Active Transport Futures (atfutures.github.io)
There is an urgent need for all cities to encourage "modal shifts" from automotive to active transport. Active transport brings the dual benefit of not contributing to environmental pollution (and even reducing this where it reflects a concious decision against automotive transport), and enhancing individual health. Encouraging active transport requires understanding where, when, how, and why people travel, and that in turn requires data. There are many organizations aiming to encourage, facilitate, or plan active transport, yet the majority of these operate in a very data-intensive way appropriate to data-rich cities of the global north. Many cities outside the remit of such organizations do not possess the kinds or amounts of data typically needed for such planning. The tools we are developing can be applied anywhere regardless of local data availability. We provide solutions even for cities which have no local data of their own, and use those solutions to guide and inform subsequent collection of data to optimally improve the accuracy of decisions informed by our tools. Importantly, we also eschew one-sizes-fits-all solutions, instead developing suites of tools to best reflect and realize local desires and cultural differences.
Colleagues from the University of Leeds, U.K., and myself and working in collaboration with the World Health Organization to develop tools to enable cities (primarily of the non-global north) to reach informed decisions on on where, when, and how to optimally design and implement transport infrastructure to best encourage walking and cycling. We are currently developing prototype tools for Accra, Ghana, and Kathmandu, Nepal, which will enable these cities to plan for futures in which automotive transport plays a decreasing role in favour of active transport. Motorized public transport also plays a vital role in encouraging active transport, and our tools improve the ability to plan cities in which increasing numbers of people choose to walk or cycle to sites of public transport infrastructure. Our tools aid decisions both on locations and types of infrastructure, as well as how to encourage more people to engage with existing active transport infrastructure.
In our work for the World Health Organization, we are developing prototype Active Transport Toolboxes for Accra, Ghana, and Kathmandu, Nepal. These toolboxes currently rely entirely on global-scale data, and generate a number of "flow layers" representing densities of active transport throughout the street networks undertaken for particular purposes (generally movement from or to residential locations undertaken for purposes of employment, education, shopping, or recreation, including movement to or from public transport systems which in these two cities means buses). These flow layers can also be disaggregated by demographic groups, enabling distinct layers to be analysed for males and females, or for any desired age group. Our current contract with the World Health Organization will result in static snapshots of current active travel patterns in these two cities, and conversion of these into health and economic terms. This extends from a study we previously completed, and which described the general transport cultures of these two cities, along with surveys of local data availability. All analyses and associated code for this report can be viewed at https://github.com/ATFutures/who, with the final report accessible from the first link of that page.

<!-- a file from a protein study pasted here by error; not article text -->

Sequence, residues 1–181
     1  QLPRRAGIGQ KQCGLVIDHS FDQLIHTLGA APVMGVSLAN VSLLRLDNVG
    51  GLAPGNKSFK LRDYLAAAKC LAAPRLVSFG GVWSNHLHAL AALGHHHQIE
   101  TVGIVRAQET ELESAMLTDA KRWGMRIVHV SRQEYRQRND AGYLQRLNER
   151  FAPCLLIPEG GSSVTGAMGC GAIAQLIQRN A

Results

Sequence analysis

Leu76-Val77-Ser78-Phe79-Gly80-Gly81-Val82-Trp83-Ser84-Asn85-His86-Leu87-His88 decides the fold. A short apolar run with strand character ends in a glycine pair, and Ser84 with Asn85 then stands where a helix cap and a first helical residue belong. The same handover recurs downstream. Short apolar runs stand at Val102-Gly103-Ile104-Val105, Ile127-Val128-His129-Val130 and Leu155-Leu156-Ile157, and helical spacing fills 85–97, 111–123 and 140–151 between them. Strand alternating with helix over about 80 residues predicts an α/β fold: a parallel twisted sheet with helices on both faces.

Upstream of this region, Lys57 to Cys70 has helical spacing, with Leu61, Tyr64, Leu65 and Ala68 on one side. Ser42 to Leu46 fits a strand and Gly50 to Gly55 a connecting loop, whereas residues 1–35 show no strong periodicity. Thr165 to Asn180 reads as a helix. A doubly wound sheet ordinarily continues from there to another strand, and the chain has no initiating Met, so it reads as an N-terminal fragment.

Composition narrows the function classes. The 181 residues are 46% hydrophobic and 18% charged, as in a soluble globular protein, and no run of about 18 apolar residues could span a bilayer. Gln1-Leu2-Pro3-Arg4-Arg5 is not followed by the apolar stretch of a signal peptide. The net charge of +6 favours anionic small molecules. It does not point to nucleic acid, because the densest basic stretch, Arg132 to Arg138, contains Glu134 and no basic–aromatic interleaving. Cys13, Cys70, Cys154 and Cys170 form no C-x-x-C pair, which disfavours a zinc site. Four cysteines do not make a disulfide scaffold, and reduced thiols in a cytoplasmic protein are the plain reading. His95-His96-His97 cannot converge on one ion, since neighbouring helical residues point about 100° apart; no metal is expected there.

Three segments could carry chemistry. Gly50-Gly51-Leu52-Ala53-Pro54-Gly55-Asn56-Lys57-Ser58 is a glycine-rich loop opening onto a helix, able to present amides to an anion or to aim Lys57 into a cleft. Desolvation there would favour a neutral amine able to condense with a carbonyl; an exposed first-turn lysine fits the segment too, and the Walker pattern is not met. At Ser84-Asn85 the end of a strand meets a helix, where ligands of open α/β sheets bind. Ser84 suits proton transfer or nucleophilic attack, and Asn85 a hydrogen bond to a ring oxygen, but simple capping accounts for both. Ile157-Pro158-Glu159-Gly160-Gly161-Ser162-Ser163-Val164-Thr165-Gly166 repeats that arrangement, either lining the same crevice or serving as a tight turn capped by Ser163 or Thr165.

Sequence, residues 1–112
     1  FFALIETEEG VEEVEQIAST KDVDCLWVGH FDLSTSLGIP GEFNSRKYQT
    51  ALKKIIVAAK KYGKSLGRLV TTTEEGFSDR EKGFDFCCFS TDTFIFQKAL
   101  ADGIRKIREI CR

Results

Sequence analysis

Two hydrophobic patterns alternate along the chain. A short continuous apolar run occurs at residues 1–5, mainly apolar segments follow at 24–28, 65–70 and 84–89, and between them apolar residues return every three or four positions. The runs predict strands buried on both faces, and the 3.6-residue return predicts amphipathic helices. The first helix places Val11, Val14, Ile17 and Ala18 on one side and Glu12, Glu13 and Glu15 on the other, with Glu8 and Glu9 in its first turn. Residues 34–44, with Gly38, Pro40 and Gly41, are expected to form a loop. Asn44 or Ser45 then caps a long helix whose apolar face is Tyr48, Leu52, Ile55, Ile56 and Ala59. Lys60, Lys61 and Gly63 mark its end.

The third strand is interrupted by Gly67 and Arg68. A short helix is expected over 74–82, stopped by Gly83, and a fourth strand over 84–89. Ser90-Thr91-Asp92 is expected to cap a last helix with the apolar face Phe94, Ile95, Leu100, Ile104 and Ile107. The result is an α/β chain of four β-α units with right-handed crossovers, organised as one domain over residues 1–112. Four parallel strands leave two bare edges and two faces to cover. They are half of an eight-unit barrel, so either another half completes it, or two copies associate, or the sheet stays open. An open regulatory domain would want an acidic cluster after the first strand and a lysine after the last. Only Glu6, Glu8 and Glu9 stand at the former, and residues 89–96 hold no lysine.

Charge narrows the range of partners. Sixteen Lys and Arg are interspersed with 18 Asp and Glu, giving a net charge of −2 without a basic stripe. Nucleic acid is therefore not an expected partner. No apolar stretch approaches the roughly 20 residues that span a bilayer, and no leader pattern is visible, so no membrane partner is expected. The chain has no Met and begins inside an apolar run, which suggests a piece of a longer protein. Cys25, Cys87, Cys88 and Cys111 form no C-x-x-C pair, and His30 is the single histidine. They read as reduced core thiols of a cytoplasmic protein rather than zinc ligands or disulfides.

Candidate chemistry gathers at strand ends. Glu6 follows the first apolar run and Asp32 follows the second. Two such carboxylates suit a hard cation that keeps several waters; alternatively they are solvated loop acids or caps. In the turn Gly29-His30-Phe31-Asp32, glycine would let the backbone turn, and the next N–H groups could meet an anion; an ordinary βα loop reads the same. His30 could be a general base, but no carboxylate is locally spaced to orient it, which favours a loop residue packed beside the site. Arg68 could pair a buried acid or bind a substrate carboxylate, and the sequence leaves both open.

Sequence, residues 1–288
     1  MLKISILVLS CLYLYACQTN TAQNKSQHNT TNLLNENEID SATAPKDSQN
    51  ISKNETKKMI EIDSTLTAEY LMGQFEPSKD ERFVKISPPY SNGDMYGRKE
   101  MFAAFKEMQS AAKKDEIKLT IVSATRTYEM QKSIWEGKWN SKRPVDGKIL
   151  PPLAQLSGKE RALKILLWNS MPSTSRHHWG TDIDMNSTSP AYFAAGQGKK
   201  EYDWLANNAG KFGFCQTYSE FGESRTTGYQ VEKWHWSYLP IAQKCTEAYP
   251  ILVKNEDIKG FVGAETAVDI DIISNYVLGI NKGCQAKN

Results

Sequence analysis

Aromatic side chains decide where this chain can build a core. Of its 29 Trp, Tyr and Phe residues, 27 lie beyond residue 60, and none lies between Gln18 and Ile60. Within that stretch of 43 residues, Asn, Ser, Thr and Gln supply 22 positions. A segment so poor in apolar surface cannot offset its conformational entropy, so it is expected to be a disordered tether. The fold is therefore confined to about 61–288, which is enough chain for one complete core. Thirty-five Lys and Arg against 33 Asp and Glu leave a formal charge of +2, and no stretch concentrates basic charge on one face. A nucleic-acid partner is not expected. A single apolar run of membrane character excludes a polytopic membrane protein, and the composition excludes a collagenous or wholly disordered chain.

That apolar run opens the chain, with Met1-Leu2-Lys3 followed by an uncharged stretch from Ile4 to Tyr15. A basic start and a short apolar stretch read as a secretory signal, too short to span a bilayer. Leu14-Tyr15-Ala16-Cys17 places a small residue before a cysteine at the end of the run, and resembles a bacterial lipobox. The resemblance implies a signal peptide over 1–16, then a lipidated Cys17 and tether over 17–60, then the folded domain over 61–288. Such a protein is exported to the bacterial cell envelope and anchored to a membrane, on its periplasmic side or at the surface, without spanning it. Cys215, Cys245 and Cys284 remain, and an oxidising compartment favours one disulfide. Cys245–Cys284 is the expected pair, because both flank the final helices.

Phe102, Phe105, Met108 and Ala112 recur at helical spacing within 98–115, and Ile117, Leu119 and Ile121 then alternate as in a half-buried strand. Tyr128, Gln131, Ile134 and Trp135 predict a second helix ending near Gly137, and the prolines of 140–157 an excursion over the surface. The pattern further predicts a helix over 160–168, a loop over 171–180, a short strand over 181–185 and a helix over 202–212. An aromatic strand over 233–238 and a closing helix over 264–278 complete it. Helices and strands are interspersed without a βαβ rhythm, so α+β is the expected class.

The present phase is due to be completed by August 2018, following which we will progress to the third phase of extending the static snapshots provided by the current phase to enable dynamic analyses of changes in active transport behaviour. These analyses will be informed through comparison to data on responses to the construction of active transport infrastructure which come primarily from Great Britain. These insights into behavioural responses will be used to inform our prototypes for Accra and Kathmandu. Once those cities begin to implement their Active Transport Futures, data collated from monitoring responses will be able to be immediately incorporated not just in those locally-tailored toolboxes, but in a global understanding of cultural differences in responses to transport infrastructure.
The beneficiaries of an Active Transport Toolbox are in the first instance the individual cities, yet as the project progresses, we will be able to incorporate monitoring data from these cities, and to use this to provide increasingly accurate estimates of likely or plausible differences in response in any other cities. This will ultimately translate to the development of a global-scale network of data exchange whereby the experiences of each city feed back into and support the development of Active Transport Futures in every other city for which a toolbox is developed.
Universitaet Salzburg: Projekt Leiter